When I arrive at the Zaterre in Venice in a water taxi, Alessandro Diaz de Santillana's wife, Victoria, meets me to walk the short distance to their home. Perched on the top floor of a building, it is defended by an ageing labrador and a cat – mad Micchio.
Diaz de Santillana has been here for five years but will soon be moving into the other side of the apartment, with sweeping views towards the Giudecca. He was born in Paris in 1959 but moved to Venice as a small child, going on to study at the Istituto Universitario di Architettura di Venezia. He did not finish his studies but chose to go to work with his father in the Venini glass factory founded by his grandfather.
He tells me he first considered being a painter but he gave in to the allure of glass. "I was surrounded by it as we had it at home," he says. "I was visiting my father at the factory so I breathed glass since I was a young age." I tell him it is a poetic expression and he counters the compliment with a pragmatic answer: "Glass has a smell."
He never knew his grandfather, who died a day after he was born, but he knows well the potential of glass. Like his slightly older sister, Laura de Santillana, also a glass artist, he had to find a place in which to make his work. This depends on the effect he is looking for. He explains: "Technically, what I am doing they are not doing any more in Murano."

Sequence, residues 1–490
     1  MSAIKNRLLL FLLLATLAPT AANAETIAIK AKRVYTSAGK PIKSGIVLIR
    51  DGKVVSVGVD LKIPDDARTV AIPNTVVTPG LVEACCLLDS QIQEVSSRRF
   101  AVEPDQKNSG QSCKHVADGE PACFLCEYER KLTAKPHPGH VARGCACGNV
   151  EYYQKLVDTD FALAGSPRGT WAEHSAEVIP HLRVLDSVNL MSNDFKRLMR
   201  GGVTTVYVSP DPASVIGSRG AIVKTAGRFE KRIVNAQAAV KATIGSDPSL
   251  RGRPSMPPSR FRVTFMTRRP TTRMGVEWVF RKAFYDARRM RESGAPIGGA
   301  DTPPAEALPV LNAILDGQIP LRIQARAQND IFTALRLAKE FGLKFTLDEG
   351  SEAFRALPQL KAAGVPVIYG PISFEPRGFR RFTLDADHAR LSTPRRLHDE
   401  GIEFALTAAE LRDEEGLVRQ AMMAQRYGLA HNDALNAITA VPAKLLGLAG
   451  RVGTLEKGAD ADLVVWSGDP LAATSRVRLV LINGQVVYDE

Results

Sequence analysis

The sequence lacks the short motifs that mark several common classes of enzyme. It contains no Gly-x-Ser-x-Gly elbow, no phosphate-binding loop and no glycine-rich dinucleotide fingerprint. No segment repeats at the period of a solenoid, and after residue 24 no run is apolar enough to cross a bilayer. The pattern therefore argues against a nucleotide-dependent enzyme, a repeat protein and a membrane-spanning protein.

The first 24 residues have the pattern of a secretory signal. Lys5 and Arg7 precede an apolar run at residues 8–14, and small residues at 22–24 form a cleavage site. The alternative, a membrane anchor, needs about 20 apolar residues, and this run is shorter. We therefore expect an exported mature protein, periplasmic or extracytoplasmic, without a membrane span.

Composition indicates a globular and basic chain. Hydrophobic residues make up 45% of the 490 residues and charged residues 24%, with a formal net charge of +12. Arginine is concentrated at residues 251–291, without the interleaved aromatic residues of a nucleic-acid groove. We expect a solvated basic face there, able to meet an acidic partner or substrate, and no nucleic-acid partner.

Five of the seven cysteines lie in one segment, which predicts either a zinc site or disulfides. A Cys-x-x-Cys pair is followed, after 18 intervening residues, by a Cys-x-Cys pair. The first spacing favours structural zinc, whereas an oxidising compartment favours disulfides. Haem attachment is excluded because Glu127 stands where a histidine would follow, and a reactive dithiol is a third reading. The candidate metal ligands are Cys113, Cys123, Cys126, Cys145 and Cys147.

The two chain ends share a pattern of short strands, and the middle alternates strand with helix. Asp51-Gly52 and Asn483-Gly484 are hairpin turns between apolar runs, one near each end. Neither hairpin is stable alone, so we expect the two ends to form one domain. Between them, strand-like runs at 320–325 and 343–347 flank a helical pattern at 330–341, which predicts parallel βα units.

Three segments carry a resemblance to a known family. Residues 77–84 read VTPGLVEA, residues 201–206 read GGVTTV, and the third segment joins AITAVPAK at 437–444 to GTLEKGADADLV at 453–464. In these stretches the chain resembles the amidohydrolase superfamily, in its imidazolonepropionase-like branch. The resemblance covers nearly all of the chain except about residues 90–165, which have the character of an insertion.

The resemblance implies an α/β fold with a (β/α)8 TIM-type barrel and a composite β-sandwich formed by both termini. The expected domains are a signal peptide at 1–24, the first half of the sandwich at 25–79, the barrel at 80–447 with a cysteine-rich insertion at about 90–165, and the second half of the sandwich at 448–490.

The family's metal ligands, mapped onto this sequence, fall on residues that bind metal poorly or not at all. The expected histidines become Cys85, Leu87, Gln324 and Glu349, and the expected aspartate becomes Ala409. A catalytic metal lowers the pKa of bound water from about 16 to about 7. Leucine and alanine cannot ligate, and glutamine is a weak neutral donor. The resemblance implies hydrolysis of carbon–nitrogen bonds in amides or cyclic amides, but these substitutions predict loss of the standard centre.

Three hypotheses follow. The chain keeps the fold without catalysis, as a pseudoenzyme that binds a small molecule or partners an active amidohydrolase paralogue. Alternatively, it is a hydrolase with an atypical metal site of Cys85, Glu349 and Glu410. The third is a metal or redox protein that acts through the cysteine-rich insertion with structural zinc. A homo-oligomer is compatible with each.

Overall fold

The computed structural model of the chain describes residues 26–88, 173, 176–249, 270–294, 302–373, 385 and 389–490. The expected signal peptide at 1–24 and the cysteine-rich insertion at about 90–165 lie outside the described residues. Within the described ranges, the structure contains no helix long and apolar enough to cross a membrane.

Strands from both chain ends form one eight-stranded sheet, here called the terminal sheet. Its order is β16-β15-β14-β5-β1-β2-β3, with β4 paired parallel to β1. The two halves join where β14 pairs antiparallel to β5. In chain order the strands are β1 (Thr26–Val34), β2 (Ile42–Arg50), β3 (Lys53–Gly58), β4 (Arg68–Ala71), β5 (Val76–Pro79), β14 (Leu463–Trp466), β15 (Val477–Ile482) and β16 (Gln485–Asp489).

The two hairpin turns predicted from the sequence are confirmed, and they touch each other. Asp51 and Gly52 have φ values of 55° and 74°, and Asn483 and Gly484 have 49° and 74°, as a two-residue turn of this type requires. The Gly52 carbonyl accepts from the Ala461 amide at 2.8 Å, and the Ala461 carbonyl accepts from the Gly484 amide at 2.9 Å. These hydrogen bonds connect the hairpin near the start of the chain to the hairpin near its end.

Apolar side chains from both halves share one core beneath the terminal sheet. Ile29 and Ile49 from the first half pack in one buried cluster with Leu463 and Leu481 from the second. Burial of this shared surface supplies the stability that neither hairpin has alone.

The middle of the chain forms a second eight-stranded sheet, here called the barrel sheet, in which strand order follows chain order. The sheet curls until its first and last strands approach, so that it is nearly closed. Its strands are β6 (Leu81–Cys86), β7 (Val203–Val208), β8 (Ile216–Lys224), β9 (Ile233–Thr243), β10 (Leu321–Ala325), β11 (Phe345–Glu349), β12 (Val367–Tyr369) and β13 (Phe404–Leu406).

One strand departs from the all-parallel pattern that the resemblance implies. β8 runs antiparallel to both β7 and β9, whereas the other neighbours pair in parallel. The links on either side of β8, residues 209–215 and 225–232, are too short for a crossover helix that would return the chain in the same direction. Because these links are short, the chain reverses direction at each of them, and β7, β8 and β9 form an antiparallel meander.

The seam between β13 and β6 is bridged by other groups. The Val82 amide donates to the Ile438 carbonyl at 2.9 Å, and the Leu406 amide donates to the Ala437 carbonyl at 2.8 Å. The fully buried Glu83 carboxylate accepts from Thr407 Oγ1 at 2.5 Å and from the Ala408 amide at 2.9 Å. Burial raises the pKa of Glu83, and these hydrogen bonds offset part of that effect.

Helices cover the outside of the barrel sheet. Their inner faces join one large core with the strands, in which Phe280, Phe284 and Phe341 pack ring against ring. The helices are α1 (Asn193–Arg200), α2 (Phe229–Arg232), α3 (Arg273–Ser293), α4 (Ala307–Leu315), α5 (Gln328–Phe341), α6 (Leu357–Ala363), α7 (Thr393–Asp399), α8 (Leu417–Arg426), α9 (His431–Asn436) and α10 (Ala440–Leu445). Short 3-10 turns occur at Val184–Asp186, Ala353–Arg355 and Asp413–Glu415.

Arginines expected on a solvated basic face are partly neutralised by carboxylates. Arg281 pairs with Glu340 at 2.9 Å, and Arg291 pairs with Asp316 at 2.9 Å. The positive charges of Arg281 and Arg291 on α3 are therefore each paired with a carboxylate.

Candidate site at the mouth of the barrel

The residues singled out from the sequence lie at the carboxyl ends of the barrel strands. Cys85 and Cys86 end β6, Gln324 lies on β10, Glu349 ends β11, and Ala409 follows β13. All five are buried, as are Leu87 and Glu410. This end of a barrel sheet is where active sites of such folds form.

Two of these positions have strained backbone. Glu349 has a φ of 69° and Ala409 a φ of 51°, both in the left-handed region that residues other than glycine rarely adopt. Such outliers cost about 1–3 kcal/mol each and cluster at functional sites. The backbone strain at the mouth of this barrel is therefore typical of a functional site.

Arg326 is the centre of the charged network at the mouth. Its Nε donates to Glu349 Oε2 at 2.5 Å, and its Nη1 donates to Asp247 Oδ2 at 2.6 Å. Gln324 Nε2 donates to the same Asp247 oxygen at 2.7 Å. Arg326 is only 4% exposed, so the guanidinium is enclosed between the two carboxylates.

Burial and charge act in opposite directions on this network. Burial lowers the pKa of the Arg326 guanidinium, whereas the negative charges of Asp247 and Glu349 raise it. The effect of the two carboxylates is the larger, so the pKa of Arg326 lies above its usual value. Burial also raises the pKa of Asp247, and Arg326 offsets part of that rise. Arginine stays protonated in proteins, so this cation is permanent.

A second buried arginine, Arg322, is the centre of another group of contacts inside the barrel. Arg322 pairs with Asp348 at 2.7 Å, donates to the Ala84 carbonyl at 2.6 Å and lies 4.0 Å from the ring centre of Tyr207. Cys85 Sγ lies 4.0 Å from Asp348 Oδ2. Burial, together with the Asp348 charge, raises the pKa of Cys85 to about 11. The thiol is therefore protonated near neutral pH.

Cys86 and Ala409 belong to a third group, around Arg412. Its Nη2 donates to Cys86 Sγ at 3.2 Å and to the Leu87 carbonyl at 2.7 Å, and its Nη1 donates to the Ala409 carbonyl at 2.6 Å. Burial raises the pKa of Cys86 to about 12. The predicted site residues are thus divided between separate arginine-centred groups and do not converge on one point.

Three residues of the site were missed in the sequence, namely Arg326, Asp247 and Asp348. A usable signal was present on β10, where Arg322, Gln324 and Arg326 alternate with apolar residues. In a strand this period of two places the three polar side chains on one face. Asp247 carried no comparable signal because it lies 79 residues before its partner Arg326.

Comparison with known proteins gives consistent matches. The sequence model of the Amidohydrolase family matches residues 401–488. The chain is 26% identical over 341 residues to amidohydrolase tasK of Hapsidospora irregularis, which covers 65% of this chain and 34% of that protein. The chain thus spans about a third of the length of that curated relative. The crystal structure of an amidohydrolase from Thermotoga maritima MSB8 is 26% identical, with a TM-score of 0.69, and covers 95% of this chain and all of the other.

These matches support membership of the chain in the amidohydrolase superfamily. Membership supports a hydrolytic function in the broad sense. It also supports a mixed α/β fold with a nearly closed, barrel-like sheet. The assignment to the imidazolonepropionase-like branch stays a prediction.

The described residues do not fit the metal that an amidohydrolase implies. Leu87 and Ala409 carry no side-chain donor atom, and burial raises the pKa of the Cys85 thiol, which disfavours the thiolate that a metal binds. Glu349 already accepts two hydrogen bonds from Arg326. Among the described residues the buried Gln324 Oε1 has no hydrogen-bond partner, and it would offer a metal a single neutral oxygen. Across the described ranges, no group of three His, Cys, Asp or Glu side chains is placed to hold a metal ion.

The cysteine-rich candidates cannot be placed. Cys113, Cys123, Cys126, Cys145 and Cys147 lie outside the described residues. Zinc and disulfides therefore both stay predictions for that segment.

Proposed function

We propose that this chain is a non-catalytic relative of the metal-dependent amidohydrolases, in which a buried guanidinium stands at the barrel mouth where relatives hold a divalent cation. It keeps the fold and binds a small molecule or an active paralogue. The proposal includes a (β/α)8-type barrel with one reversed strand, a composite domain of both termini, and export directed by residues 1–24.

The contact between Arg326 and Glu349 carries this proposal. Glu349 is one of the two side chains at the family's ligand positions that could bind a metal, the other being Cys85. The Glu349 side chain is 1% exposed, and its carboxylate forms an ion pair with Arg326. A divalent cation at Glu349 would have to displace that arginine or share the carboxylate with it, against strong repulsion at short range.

For his works, he had to find a factory that could make the large flat sheets of glass formerly used for windows. He found one in Germany but it could not understand why he wanted the final results to be imperfect, so he went to the one factory in St-Just, France, that still manufactures hand-blown windows, used mainly in stained glass. He arrived to watch them work, told them what he wanted and they wanted to start right away.
"I had to teach them how to do all the wrong things that they could do," he recalls. Rather than perfectly flat glass, he deliberately imports into the process the potential for accidents, saying: "The accidents are guided."
He may have given up studying painting but the results, hung on the wall, reflecting the colours of water and light on their undulating surfaces, remind me of abstract paintings. He shows me some lamps he is working on. I ask if designing objects is less close to his heart, but he replies: "They are my children as well."
Diaz de Santillana started his career as a writer, which is reflected in his use of words during our conversation. I ask why he chooses not to title his works. He says: "I work with a material and the material is a language itself."
Laura de Santillana and Alessandro Diaz de Santillana are at Yorkshire Sculpture Park (ysp.co.uk) until 6 September
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